Mania Akbari'sIranian drama 20 Fingers, Rodney Evans's Harlem Renaissance feature Brother To Brother and Jacob Aaron Estes' youth drama MeanCreek will compete forthe International Competition's Grand Jury Prize at the first annual BahamasInternational Film Festival (BIFF), which runs from Dec 9 to 12.
OtherInternational Competition titles include Joseph Cedar's Israeli settlementpicture Campfire, andMarcelo Pineyro's Argentina-Spain political co-production Kamchatka.
Documentariesinclude Friendship Village (USA/Vietnam) by Michelle Mason, about a US veteran's return toVietnam to treat children with Agent Orange-related deformities; by TimothyGorski's US title Lolita: Slave To Entertainment, about man's relationship with wildlife;and Jim Butterworth, Aaron Lubarsky and Lisa Sleeth's US feature Seoul Train, which exposes the harrowing journeyNorth Koreans must take to escape their homeland.
More than 75narrative and documentary pictures are set to play in the festival, whichincludes the New Visions strand for first and second features competing for theModern Maverick Award, a Caribbean Sidebar, and short films.
The New Visionssection includes Yasuaki Nakajima's After The Apocalypse (USA), a futuristic drama about fivesurvivors trying to survive following an urban catastrophe; Charles Durning's DeadCanaries (USA), about asmall-time mobster who enters the witness protection programme; Phil Price'sCanadian entry Hatley High, about a young magician with extraordinary gifts; and YannSamuel's French surreal love story Love Me If You Dare, which Paramount Classics released inthe US earlier this year.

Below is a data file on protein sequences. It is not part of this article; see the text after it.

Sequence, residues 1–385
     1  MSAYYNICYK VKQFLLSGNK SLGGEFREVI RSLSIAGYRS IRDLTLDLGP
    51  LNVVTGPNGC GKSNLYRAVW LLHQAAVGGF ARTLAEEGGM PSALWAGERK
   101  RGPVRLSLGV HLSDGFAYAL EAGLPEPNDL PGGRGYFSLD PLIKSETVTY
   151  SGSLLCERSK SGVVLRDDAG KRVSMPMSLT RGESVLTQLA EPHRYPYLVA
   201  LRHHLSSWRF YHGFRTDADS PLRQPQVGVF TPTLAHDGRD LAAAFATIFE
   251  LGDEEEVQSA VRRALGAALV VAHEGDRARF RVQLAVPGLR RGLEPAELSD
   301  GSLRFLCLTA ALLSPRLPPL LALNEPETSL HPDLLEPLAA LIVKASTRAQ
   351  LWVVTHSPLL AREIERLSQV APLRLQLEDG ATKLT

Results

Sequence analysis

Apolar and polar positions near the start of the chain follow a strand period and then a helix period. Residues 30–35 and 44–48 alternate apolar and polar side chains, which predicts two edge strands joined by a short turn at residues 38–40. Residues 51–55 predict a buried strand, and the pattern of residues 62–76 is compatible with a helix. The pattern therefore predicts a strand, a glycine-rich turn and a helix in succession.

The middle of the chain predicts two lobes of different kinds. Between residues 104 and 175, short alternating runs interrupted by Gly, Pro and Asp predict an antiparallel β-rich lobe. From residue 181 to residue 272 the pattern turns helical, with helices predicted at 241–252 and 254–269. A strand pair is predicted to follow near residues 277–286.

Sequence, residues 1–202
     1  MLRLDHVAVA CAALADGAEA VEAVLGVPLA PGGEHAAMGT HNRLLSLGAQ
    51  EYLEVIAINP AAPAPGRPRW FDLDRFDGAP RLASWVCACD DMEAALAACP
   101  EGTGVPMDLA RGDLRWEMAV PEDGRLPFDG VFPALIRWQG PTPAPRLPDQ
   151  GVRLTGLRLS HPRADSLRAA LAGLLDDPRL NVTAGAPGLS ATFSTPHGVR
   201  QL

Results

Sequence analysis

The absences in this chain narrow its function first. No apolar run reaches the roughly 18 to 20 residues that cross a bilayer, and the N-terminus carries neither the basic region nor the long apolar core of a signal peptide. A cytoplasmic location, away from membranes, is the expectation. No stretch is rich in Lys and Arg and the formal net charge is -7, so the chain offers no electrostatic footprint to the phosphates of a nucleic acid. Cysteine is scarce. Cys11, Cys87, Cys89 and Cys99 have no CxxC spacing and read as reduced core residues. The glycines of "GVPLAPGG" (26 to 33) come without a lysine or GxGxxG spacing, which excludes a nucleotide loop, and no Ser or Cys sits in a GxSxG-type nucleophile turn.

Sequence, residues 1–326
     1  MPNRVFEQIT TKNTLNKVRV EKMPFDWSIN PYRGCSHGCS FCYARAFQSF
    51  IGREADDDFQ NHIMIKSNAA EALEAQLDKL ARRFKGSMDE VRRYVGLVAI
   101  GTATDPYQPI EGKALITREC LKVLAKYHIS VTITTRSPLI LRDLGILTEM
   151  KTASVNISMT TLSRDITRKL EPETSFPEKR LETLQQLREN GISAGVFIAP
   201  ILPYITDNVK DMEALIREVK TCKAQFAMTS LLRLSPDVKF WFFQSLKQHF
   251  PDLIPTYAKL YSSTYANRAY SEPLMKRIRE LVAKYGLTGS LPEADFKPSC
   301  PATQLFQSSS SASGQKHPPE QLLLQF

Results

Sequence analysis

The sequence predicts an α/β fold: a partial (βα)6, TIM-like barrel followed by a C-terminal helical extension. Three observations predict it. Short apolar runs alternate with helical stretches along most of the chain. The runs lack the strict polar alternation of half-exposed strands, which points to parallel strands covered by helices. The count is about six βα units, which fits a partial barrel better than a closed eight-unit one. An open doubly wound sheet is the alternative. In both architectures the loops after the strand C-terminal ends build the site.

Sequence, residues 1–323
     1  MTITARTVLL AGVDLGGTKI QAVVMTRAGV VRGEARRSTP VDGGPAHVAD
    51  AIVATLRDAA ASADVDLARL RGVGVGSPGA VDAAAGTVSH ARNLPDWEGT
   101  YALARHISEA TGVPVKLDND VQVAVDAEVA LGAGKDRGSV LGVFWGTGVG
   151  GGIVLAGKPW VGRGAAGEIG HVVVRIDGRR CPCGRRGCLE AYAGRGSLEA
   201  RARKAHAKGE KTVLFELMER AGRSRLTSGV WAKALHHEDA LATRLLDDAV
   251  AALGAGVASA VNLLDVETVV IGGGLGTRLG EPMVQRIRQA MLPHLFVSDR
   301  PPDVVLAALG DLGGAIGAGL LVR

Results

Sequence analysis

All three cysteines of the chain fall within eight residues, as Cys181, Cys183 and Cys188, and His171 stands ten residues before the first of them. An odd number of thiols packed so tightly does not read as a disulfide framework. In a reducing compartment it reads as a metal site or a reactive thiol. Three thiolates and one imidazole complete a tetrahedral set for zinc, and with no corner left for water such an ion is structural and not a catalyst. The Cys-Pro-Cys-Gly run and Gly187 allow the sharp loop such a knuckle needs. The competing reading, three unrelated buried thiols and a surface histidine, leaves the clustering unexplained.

Playing in thenon-competitive World Cinema strand are Mark Achbar's documentary TheCorporation (Canada),Anders Thomas Jensen's Danish dark comedy The Green Butchers, and Byambasuren Davaa and LuigiFalorni's German-Mongolian documentary co-production The Story Of TheWeeping Camel.
Specialscreenings include John Duigan's epic Head In The Clouds, Spike Lee's She Hate Me, and David Gordon Green's thriller Undertow.
CaribbeanSidebar titles feature Jonathan Demme's stirring human rights documentary TheAgronomist, GladstoneYearwood's cultural documentary Chattel House, and Rick Elgood and Don Letts' OneLove.
"One of BIFF's main goals isto bring international and art house cinema to the Bahamas, where theycurrently do not exist," states festival executive director and founder LeslieVanderpool said in a statement. "We are pleased to be presenting diverse voicesfrom so many different parts of the world, and at the same time, identifyingThe Bahamas as a global cultural destination."